TRC have developed this research on global trail trends in anticipation of our sustainable trails conference coming up in New Zealand in 2024. This information can also be viewed in the Global Trail Trends Flyer.

The following trail global trends demonstrate an increasing enthusiasm for outdoor activities and a heightened recognition of the significance of establishing sustainable and user-friendly trail networks. With the ongoing rise in demand for outdoor recreation, it is probable that these trends will continue to influence trail development and marketing in Australia.

Trails market growth

Participation in outdoor recreation activities including cycling, walking, and bushwalking is growing at a faster rate than other recreational activities [1]. Trails offer more flexibility than traditional sports, as users can participate in a variety of different ways, independently or with variable group sizes, at times that suit them. Many trail users are drawn to trails to connect to nature and adventure and experience physical and mental health benefits.

Adventure experiences for women 

In recent years, there has been a notable rise in the involvement of women in outdoor recreational pursuits, specifically in walking. In Australia, the number of female participants in recreational walking now exceeds that of males.[1] AusPlay research suggests that women are increasingly attracted to trail experiences that offer chances to connect with nature and leverage the advantages for both physical and mental well-being

Promoting inclusivity and ensuring accessibility

There is a growing recognition of the importance of creating inclusive trails and trail experiences that cater to individuals of varying abilities. This awareness has led to the incorporation of trails designed for diverse abilities in new trail development projects. The accessibility of outdoor spaces and trails is being enhanced through the implementation of various additional infrastructure and equipment. These include high contrast signage, accessible canoe launches, all-terrain and beach wheelchairs, as well as adaptive mountain bikes.

How the trail experience is evolving 

Trails have the potential to be integrated into active transport routes to work, school, retail precincts, community and recreation facilities. Facilitating integration with other transportation services, like trains and buses, will play a crucial role in incentivising individuals and visitors to utilise trails for their daily commuting needs. 

There is an increased use of e-bikes, e-scooters and other e-transportation on trails and paths. Moving forward, a significant challenge lies in adapting trail planning, design, construction, and maintenance to accommodate these emerging trail usage patterns, all while addressing potential safety concerns and mitigating conflicts with other trail users. Financial year 2021 [2] saw record sales of e-bikes in Australia and e-cargo bikes are increasing in popularity for short trips and commuting.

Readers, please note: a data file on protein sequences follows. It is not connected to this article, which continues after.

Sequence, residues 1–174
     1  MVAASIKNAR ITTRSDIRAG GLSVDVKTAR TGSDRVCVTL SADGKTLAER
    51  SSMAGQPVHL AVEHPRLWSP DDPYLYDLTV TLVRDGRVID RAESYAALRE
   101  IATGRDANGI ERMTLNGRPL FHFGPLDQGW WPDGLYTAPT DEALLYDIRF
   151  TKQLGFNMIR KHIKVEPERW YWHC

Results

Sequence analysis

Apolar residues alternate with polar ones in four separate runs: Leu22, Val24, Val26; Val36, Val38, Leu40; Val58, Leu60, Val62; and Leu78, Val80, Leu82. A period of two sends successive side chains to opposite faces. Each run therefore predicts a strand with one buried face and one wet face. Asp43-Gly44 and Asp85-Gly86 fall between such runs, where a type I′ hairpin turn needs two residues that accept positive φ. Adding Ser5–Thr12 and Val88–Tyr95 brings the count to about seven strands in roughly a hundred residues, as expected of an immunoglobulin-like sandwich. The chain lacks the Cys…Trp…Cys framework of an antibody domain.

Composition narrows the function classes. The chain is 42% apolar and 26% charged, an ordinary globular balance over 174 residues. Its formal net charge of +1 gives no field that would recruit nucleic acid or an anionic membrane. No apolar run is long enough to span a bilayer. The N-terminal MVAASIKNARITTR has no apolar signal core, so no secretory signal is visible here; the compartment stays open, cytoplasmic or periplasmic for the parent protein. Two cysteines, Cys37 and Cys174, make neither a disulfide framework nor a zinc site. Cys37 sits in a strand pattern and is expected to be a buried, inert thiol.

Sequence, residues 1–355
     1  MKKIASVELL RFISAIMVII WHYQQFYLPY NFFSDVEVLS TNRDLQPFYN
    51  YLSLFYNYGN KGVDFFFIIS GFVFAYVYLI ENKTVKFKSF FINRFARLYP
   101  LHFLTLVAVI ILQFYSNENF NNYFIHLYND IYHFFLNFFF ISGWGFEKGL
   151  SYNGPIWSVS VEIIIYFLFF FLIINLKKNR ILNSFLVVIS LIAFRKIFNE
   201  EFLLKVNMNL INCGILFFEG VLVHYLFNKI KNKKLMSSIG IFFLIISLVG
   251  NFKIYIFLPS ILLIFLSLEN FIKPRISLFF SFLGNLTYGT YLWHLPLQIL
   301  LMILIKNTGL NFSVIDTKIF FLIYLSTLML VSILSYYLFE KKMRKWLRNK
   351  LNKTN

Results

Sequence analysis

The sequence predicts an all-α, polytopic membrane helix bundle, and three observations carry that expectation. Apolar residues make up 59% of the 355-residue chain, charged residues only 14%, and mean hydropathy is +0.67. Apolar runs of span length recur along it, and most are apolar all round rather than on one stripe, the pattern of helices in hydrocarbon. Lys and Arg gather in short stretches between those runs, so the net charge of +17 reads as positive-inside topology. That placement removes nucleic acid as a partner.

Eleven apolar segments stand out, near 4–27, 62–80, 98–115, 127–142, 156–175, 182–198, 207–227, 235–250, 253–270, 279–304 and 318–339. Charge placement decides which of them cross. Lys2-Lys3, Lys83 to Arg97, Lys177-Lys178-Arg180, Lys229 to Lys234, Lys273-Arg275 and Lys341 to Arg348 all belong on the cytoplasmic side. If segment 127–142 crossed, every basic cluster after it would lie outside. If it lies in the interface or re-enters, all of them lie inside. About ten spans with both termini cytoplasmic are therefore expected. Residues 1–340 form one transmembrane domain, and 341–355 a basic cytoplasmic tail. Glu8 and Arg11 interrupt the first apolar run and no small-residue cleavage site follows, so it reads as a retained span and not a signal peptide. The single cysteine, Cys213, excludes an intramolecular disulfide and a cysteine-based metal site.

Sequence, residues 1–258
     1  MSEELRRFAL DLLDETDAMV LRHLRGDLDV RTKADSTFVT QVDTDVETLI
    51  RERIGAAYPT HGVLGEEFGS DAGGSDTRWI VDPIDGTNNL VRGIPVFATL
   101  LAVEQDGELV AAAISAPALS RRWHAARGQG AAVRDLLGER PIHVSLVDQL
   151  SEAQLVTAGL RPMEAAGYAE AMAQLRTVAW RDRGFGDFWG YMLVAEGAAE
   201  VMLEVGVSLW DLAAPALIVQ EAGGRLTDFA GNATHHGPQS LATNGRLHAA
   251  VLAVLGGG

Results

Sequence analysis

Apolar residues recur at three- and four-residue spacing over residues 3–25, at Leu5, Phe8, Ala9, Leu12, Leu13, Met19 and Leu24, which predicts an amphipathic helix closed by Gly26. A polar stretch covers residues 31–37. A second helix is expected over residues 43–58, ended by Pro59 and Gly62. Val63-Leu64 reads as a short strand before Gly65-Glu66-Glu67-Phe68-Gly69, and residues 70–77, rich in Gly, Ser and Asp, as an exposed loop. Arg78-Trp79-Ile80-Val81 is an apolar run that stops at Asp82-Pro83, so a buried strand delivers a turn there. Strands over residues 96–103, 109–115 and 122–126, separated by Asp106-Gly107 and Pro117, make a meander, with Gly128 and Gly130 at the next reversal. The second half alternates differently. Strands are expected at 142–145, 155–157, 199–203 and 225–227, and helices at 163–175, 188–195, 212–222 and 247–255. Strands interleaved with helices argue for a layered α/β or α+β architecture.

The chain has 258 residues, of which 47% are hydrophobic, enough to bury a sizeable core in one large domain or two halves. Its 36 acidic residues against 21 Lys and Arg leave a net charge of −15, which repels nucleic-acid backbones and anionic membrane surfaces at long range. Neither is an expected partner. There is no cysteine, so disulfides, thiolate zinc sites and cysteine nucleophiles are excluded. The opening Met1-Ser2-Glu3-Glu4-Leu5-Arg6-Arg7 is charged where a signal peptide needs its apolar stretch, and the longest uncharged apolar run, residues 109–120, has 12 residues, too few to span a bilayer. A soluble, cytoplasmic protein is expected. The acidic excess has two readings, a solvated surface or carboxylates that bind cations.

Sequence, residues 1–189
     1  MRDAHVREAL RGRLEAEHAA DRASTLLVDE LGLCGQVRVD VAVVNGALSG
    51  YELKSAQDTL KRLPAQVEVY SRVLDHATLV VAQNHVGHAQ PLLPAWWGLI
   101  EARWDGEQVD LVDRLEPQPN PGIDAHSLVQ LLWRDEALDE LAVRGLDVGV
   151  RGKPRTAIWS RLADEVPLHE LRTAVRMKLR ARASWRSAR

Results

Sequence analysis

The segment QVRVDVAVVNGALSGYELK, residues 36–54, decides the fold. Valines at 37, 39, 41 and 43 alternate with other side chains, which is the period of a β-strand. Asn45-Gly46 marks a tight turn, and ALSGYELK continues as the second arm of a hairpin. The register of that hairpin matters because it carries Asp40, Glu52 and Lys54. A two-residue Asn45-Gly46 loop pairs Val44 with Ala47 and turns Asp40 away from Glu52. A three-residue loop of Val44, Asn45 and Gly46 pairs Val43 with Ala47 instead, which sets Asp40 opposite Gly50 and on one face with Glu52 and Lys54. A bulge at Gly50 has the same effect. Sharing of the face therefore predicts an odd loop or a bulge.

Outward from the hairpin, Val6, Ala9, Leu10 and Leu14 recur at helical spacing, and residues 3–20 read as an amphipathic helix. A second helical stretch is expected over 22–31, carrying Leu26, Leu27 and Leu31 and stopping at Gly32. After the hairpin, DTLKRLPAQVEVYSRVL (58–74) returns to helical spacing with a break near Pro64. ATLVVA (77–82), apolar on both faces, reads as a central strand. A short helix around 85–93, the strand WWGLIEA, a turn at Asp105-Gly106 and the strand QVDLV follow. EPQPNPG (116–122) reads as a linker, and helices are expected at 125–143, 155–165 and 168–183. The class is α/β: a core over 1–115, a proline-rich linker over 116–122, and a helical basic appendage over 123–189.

There is a developing trend for long distance trails such as rail trails, offering trail users options to tailor experiences to their preference including mode of transport and length of experience. Bike packing, cycle touring, adventure trails and multi-day routes also provide opportunities for small business development to support these activities and users. The popularity of trail running and events is on the rise as individuals seek to venture off the conventional paths and challenge themselves in diverse and demanding terrains.

Revenue models are changing

Revenue models for supporting trail development, maintenance, and the provision of supporting infrastructure have become more diverse. These models now encompass user fees, shuttle services, involvement of commercial operators, trail sponsorship, and merchandise sales. The social enterprise movement has grown significantly over the past decade, and there is an opportunity to investigate this model for trails development and growth.

Online is essential

Online apps are available for navigation, performance monitoring, training, marketing and promotion. Trail users are progressively favouring online apps over traditional paper maps and guidebooks as their primary source of information. These apps offer an opportunity to aid in promoting trails, raising awareness of environmental and cultural heritage values, gathering significant participation data, enabling users to report maintenance issues, and enhancing trail safety. Trail users and tourists are also using social media pages and blog posts to connect with community groups and share information on their trail experience.

Safety first

To ensure the preparedness and safety of all trail users, including the increasing number of less experienced individuals, it is crucial to provide education on safety practices and adequate preparation. Emergency services and navigation apps are increasingly being used to share trail issues and emergency information with trail users- facilitating effective communication between emergency services and trail users is crucial. Of equal significance is the provision of means for trail users to communicate their travel plans and request assistance in case of emergencies.

Improving guidelines

Improved international guidelines and standards for trail design and construction is growing. There is an increasing body of work and knowledge that is becoming freely accessible to trail managers to manage the process of trail development (leading to improved sustainable trails) for example the IMBA’s Mountain Bike Trail Development Guidelines.